We all know the game will lag if it is put online... all games do as I just pointed out... so it makes me laugh every time this is brought up as the argument without really discussing the implications of that lag... WHY is that a bad thing. No one bothers to explain it to people as to why this is bad for a game like Beam.

    So... I will... yet again... I think I am gonna end up having one of these discussions in every stinking multiplayer thread on here... but if its what I have to do it's what I have to do.

    First though... let's start with the basics and get some stuff working.

    How do we transfer the data of a vehicle to another computer without it crapping out? Well, requirement one is that both computers have the same vehicles... the node and beam positions, or just about anything in the JBeam can be different or swapped around, but both computers MUST have the same models and textures with identical texture names and settings to that the vehicle can be properly loaded on both machines and actually rendered. The vehicle should not have to be downloaded from one computer to the next computer every time that someone loads another vehicle if the other computer already has all the assets for that particular vehicle... and in fact it will not, as that would be a waste of bandwidth. If you have the option added in the particular game (used to be in RoR I think) and enabled to download any vehicle that you don't have, then it will download every new vehicle that shows up on the server you are on the first time it sees it... after that, all the assets are on your computer and there will be no issues from there on out.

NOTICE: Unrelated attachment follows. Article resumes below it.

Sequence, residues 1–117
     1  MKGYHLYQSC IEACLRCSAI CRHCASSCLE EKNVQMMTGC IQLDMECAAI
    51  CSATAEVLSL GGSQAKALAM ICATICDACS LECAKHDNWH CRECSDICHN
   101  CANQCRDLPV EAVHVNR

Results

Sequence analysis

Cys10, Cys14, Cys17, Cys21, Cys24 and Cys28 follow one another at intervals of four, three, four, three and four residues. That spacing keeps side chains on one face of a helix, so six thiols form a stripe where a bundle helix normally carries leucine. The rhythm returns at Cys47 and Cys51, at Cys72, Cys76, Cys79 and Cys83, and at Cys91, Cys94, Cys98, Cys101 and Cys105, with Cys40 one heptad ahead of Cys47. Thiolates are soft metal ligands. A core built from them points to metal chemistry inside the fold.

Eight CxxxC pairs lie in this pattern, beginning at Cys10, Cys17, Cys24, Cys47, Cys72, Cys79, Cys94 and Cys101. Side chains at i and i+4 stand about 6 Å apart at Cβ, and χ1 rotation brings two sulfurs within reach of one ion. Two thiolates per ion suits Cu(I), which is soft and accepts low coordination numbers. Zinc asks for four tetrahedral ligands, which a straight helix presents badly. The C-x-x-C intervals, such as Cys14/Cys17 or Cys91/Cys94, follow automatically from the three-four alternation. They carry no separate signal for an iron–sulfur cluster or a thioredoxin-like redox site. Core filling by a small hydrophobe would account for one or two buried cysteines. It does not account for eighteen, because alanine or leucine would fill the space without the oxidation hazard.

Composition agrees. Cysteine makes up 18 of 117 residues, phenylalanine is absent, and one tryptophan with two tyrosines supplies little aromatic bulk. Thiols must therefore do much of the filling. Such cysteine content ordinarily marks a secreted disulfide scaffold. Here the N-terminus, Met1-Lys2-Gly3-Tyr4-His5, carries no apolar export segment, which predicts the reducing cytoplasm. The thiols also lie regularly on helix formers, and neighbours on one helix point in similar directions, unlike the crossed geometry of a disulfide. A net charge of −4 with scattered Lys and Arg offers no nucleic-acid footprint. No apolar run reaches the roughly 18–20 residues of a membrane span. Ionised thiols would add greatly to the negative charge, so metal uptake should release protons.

Next step... we loaded the vehicle that the other guy has on our computer, but we don't know where it is or how its moving... plus why doesn't the JBeam matter as stated above? I am getting to that now. Beam doesn't work like most racing games/vehicle games. Most simulation racers have a body model bounding box, calculated combined spring rates for the tire and suspension as each corner of the vehicle (why most games that only have 4 wheel vehicles don't do higher wheel counts, or usually lower for that matter as it messes up their strict vehicle calculation structure), and then animated tires that follow where the wheels and tires are calculated to be. This can be seen best in Forza in my opinion as they do some of the animations incorrectly for the front wheels. If you have Forza you can try this for yourself. Take a car... any car in the game... doesn't matter... also the game doesn't matter either... 4 through 7 at least and all the horizons (well... I have 2 and 3 that both do it) and go out for a drive. Find yourself a nice open area to do this... cut the wheel all the way to one side and proceed to slowly drive in circles... not fast enough to break traction though. Swing the camera around and look at the inside front tire of the car to the turn you are making (if your turning left, look at the front left tire and same for the right). The tire is not turning anywhere NEAR sharp enough to actually make the turn that the car in game is currently doing when you do this. A couple of select race cars in the game might not do this... but to the best of my knowledge almost all the cars will.